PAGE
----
New superintendent returning home

Jun. 07, 2014 @ 05:29 PM

Bert L’Homme is coming home, but he won’t be house hunting.
That’s because the new superintendent of Durham Public Schools never sold the one he owns and lived in during a part of his employment here as an associate superintendent of Durham Public Schools from October 1997 to December 2003.
In an interview last week, a day after his hire was unanimously approved by the school board, L’Homme explained that the family home has been used by an adult child and has served as a weekend and vacation refuge during his current stint as superintendent of schools for the Archdiocese of Washington in the nation’s capital.
“We left, but never completely left,” said L’Homme, who is married and has three grown daughters. “That’s always been our home.”   
As a part-time Durham resident, L’Homme, who left DPS in 2003 to become superintendent of Franklin County School, kept up with the happenings in the Durham school district.
But he will return with an open mind next month – his starting date is July 14 -- as he embarks on a study of the school district’s successes and its well-discussed challenges.
“A lot of that will be listening, not only to teachers and principals, but also to the community,” L’Homme said.
The one thing that is certain, however, is there will be an intense focus on early childhood literacy under L’Homme’s leadership.
It’s something he believes is critical to improving educational outcomes for children, and the expectation will be that every child is reading by the first-grade.
“Early childhood literacy is still the key to every child’s future, no matter what neighborhood they come from,” L’Homme said.
He said the times demand that all students, regardless of their collegiate or professional aspirations, read, write and do math at a high level.
County Commissioner Chairman Michael Page was a member of the school board when L’Homme was an associate superintendent here.
Page, who was traveling Thursday when the announcement was made, said he was ecstatic about the news that L’Homme had been tapped to lead the school district.
“He’s a proven leader and very committed to the children of Durham Public School,” Page said.
He said L’Homme worked tirelessly on strategies to close the district’s persistent achievement gap and really listened to the “heart” of the Durham community.
“He’s a courageous leader,” Page said. “I know him. I worked with him. I felt his passion. He has a wealth of experience, and he’s the kind of person who has risen through the ranks and is most qualified to lead this school system.”
Eddie Ingram, superintendent of Darlington County Schools in South Carolina, succeeded L’Homme as superintendent of Franklin County Schools and also worked for him as an assistant superintendent.
“Bert is passionate about education and he’s passionate about children,” Ingram said. “I believe he’ll be a good fit in Durham.”
Ingram noted that early college high school in Franklin County was L’Homme’s idea, one which Ingram completed during his tenure as superintendent.
Ingram said he learned a lot working under L’Homme and is implementing some of the programs in Darlington that L’Homme brought to Franklin County.
He said those programs involve strategies to build business partnerships as well as establishing professional learning communities.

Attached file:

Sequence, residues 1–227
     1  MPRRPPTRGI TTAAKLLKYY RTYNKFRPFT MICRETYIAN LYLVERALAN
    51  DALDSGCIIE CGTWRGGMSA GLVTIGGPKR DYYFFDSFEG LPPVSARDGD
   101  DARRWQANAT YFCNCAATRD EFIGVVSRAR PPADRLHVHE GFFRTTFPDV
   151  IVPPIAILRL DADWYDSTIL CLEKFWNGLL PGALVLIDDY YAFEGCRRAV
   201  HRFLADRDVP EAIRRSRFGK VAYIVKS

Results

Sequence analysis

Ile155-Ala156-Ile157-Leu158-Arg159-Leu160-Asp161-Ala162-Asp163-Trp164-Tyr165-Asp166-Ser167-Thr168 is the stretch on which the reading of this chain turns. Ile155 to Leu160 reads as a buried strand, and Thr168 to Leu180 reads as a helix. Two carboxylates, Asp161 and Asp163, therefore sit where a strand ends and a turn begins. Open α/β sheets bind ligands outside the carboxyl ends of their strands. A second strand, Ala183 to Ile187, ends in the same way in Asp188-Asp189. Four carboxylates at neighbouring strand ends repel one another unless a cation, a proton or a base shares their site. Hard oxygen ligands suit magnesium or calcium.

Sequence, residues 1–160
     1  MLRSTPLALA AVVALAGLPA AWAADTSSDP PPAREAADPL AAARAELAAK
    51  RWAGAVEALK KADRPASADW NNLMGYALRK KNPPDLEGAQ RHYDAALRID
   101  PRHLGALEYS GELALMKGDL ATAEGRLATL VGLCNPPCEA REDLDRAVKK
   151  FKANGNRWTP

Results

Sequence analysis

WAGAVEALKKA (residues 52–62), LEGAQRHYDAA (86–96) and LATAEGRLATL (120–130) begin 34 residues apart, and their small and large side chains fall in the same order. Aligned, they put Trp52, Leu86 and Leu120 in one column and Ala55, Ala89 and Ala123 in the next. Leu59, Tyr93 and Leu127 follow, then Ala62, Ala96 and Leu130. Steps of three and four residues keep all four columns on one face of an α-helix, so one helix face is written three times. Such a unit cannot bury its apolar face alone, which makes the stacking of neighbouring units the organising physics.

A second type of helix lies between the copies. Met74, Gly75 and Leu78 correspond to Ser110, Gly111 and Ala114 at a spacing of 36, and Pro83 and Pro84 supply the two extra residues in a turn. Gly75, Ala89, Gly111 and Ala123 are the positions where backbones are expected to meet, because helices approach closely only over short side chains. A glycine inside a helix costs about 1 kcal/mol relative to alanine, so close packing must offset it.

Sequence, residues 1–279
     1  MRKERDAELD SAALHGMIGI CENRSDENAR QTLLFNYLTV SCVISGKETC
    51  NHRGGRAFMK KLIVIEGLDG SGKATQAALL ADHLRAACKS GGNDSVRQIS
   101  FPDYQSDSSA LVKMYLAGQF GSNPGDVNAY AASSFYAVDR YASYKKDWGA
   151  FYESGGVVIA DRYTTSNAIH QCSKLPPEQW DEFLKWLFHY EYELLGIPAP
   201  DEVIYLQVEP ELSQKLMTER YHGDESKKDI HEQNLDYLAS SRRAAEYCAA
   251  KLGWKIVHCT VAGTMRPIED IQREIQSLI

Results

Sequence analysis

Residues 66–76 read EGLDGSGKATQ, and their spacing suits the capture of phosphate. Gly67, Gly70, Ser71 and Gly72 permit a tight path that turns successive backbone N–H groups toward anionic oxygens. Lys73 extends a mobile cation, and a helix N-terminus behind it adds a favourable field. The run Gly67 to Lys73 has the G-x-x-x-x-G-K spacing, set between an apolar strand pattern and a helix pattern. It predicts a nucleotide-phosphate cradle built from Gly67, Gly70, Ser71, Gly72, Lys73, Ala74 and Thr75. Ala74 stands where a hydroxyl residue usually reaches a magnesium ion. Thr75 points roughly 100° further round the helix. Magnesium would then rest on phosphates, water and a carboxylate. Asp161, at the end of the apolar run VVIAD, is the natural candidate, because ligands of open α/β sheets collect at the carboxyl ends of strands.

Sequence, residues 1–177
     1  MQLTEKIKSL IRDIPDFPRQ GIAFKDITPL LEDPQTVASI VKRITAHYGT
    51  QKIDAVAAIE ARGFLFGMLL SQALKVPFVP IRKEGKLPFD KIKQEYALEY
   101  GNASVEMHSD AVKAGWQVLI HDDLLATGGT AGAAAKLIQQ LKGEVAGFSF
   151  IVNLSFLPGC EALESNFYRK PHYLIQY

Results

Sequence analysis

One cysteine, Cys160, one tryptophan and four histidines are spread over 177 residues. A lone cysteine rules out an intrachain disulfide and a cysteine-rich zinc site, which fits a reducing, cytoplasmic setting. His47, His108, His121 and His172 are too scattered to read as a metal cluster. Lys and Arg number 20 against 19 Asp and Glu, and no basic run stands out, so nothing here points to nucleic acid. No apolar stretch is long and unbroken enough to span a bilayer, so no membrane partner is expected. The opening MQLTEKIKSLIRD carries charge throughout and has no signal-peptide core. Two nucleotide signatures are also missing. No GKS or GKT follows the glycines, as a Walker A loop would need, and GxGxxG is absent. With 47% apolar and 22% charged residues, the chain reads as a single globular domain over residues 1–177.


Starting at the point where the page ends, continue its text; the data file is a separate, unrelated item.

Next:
Ingram also noted L’Homme’s passion for early childhood literacy.
“It’s something that often reminds me of what’s important,” Ingram said.
In announcing his departure from the Archdiocese, where L’Homme oversaw 96 Catholic schools serving more than 27,000 students in the District of Columbia and five counties in Maryland,
Thomas Burnford, the secretary for education for the Diocese of Washington, said L’Homme had accomplished much in his four year tenure.
“Deacon Bert built and strengthened the structures for ongoing success in Catholic schools, structures and systems that will continue to do well in the future,” Burnford said in a statement. “He has accomplished much in a short time and done so with a love for students and a commitment to Catholic identity and excellence.”
The accomplishments cited by Burnford include development and use of Scantron Performance testing systems, which led to improved instruction, significant enhancements to teacher professional development, the formation of a teacher advisory board and a new “Future Leaders Academy” that helps teachers develop into successful principals.”
On Friday, the school board’s three newly-elected members – Mike Lee, Matt Sears and Sendolo Diaminah -- issued a joint statement congratulating L’Homme on being appointed superintendent.
The three board members-elect, who will be sworn in July 7, participated in the superintendent search process in advisory roles, which caused some contention among current members 
“Dr. L’Homme brings a great deal of experience and momentum to DPS and we are excited to have a leader who has deep roots in the community and in Durham Public Schools,” the statement read. “We look forward to working with him for many years to come.”
Ann Rebeck, president of the Durham Council of PTAs, has only been in Durham about nine years and didn’t know L’Homme. But she said L’Homme has received high marks from the folks who did know him.
“I’m enthusiastic because everyone seems enthusiastic,” Rebeck said. “People I respect have said positive things.”
As president of the Durham Council of PTAs, Rebeck said she is focused on parental involvement and leadership and looks forward to working with L’Homme in those areas.
“I’m hoping he’s going to come in and we can partner on those two things,” Rebeck said.